View: Kissa Kursi Ka, when guard rails don't work

ET Intelligence Group: A court voiding Tesla CEO Elon Musk’s massive compensation of around $56 billion has yet again raised governance concerns around how the top management of a company is in a position of supreme power in the organisation even as the board and shareholders remain tacit approvers.

An organisation structure vests most of the powers in its top management – the CEO, the chairperson of the board (if playing an active role) and their coterie of CXOs. The top management sits on the intersection of being an employee (drawing a salary), a shareholder (in case of a promoter-led company or due to ESOPs) as well as an executive member of the board. This senior leadership essentially flags off all key decisions – including whom to appoint on the board and whom to hire as an employee in the company as well as how to reward itself and the other stakeholders. While the shareholders’ stamp of approval is required, what to seek their approval for still rests in the domain of the top management. That too only large institutional shareholders matter – the small, retail shareholders essentially are ‘floating’ in nature. Though all the key decisions must be presented to the board of directors for its approval, the independence of the board is largely shaped by whom the management chooses to appoint on the board.

If shareholders can be kept happy with dividends and buybacks, then they tend to approve of aspects like excessive CEO compensation, acquisition, shutting down any operations or cutting down on headcount. For instance, Wipro rolled out a buyback in June 2023, and within a year it is firing hundreds of mid-level employees.
And even when shareholders are not happy with the management, they can do little to change the situation as the investors of Byju’s are realising. The beleaguered edtech company’s key shareholders want to oust the founder & CEO Byju Raveendran on back of concerns related to governance and financial mismanagement. But the founder has held that the concerned investors did not have the voting rights to do so. Incidentally, the company’s senior leadership has reportedly rallied behind the CEO even as he is “moving mountains for months” to pay the salaries of the employees.

Take another instance of how the company’s top management has kept the largest shareholder at bay and prevented it from taking control of the company. In Religare Enterprises, the top management led by an executive chairperson and aided by an independent board is deterring the company’s largest shareholder – the Burmans of the Dabur – from assuming control. Both the opposing camps have made allegations and counter-allegations against each other and now it is for the regulators and courts to figure out who can stake control of the company.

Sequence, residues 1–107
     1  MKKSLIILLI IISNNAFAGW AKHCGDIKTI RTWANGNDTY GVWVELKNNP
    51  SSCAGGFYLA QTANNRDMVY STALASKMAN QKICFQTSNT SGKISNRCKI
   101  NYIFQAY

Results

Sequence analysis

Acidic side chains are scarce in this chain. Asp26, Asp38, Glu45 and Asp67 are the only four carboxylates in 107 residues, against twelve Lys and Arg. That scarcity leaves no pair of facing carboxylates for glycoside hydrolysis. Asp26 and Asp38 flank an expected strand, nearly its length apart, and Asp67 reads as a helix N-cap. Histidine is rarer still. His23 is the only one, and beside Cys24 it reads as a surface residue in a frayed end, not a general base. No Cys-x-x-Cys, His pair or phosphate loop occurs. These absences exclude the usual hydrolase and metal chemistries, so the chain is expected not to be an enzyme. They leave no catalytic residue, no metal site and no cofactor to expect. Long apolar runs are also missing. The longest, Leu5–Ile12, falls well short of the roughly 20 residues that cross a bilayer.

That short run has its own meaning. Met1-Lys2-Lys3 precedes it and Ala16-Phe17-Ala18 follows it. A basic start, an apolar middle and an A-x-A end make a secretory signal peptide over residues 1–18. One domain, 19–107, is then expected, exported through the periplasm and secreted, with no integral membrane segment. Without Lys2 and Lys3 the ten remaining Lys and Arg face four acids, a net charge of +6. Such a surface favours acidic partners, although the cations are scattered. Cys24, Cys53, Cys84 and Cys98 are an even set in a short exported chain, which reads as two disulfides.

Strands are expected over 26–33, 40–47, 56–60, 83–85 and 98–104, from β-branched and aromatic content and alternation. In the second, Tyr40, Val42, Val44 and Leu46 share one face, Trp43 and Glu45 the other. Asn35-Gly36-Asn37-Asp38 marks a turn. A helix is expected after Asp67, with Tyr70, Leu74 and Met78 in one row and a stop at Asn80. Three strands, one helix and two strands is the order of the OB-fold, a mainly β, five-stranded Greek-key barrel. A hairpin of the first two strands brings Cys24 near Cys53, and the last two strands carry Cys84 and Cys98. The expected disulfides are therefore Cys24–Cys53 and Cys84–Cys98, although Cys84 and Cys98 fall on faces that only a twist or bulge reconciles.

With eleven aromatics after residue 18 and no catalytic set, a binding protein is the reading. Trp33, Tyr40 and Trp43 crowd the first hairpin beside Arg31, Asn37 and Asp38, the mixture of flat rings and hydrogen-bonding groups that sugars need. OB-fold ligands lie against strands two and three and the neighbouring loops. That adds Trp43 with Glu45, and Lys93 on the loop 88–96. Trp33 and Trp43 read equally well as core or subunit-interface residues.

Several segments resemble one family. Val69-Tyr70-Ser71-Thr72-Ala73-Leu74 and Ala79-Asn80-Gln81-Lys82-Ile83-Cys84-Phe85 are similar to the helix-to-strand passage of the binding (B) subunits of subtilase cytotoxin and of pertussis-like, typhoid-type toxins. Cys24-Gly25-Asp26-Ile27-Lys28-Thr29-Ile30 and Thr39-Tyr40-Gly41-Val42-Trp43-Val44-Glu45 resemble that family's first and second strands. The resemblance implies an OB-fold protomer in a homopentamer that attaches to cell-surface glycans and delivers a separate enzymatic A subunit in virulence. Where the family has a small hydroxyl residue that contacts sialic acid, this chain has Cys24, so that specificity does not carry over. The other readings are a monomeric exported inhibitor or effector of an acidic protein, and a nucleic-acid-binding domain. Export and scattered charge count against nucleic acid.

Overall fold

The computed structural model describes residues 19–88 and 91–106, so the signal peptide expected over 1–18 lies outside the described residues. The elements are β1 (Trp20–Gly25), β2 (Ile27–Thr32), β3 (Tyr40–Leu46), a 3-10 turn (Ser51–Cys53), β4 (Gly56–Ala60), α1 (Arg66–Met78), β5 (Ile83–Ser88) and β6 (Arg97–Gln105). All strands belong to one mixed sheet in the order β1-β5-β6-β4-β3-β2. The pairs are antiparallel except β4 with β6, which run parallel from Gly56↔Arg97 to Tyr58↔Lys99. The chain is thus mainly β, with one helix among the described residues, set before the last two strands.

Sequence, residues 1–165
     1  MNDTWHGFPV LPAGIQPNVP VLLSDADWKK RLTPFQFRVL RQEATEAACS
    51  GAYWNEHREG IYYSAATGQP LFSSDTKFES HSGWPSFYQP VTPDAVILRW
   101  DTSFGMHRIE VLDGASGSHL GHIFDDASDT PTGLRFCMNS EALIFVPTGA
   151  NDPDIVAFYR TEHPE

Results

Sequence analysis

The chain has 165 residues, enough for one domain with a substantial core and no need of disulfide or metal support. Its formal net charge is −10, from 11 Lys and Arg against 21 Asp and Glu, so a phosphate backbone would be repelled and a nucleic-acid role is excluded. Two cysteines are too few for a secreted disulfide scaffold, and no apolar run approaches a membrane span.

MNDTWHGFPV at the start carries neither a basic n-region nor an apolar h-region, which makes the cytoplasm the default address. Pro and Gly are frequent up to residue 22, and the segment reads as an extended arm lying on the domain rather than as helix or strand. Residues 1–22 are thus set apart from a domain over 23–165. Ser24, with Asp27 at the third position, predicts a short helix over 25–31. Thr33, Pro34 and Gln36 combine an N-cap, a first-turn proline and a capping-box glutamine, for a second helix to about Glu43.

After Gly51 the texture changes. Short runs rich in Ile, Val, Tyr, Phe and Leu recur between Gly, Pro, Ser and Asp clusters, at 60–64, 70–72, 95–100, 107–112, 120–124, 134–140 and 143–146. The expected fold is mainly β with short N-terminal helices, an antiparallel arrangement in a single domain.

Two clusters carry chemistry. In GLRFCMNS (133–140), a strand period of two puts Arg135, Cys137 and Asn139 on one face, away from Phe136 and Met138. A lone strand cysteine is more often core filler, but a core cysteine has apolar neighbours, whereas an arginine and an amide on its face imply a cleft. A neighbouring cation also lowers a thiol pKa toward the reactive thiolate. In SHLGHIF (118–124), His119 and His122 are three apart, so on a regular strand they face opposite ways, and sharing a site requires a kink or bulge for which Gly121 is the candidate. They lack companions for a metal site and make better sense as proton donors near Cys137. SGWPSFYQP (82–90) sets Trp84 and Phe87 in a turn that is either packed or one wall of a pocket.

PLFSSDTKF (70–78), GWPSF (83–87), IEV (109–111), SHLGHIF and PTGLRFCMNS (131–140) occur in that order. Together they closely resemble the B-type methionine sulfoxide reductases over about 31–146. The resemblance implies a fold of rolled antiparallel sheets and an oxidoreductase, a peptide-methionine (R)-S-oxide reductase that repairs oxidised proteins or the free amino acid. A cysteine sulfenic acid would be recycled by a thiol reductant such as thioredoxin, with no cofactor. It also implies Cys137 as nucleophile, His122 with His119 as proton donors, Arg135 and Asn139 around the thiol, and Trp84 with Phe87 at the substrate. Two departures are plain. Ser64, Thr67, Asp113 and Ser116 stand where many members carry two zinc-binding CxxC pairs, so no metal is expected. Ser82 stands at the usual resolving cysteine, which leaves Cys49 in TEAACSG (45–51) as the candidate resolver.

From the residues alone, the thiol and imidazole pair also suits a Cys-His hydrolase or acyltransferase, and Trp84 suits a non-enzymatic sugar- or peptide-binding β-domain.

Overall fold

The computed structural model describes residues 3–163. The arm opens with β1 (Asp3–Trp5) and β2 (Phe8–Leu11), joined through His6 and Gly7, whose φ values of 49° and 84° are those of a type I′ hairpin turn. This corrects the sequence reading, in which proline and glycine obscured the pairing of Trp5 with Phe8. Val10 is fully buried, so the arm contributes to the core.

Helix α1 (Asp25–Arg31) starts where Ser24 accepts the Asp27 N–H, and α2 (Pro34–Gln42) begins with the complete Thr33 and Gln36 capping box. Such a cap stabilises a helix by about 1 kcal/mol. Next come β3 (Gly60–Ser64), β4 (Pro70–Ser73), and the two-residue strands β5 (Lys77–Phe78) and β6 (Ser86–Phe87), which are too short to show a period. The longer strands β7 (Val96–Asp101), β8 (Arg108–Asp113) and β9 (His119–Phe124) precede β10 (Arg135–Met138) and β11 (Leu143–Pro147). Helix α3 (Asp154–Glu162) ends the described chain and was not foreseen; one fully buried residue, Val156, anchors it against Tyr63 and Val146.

Incidentally, booting out of the CEO or top leadership is often the last measure taken by the shareholders – after developments like acquisitions, brand investment, buyback, sale of a non-core asset and downsizing fails to recover the margins and the base business performance. When shareholders are unhappy with their (lack of) rewards, then they take up issues related to misgovernance or non-compliance. For instance, Byju’s investors did not raise a flag publicly when the company signed up Lionel Messi – one of the world’s highest paid footballers – as its global brand ambassador in November 2022 – just days after sacking 2,500 employees.The very strategic Sony-Zee merger deal got scuttled with the shareholders of Zee Enterprises bearing the brunt of the value erosion in the stock market. But Puneet Goenka, the son of the company’s promoter Subhash Chandra, continued to remain as the company’s CEO. The board and shareholders remained the silent spectators – probably wiser from experience. In 2021, institutional investor Invesco had sought the stepping down of three directors from Zee’s board – including the CEO Puneet Goenka. But before Invesco, the largest shareholder in Zee, could legally move on compelling the company to act on its demands, Zee managed to rope in Sony to merge its business with and thus kept Invesco and its shareholder activism at bay.One may argue that a CEO & his team, which has built the company and created shareholder value, should be allowed to decide what’s best for the company. However, as cliched (and filmi) as it may sound – with power comes responsibility. And it is the job of the board and the large shareholders to act as natural guardrails to rein in any abuse of the power or dereliction of duty by the senior leadership. The problems start simmering when the guard rails don’t work.


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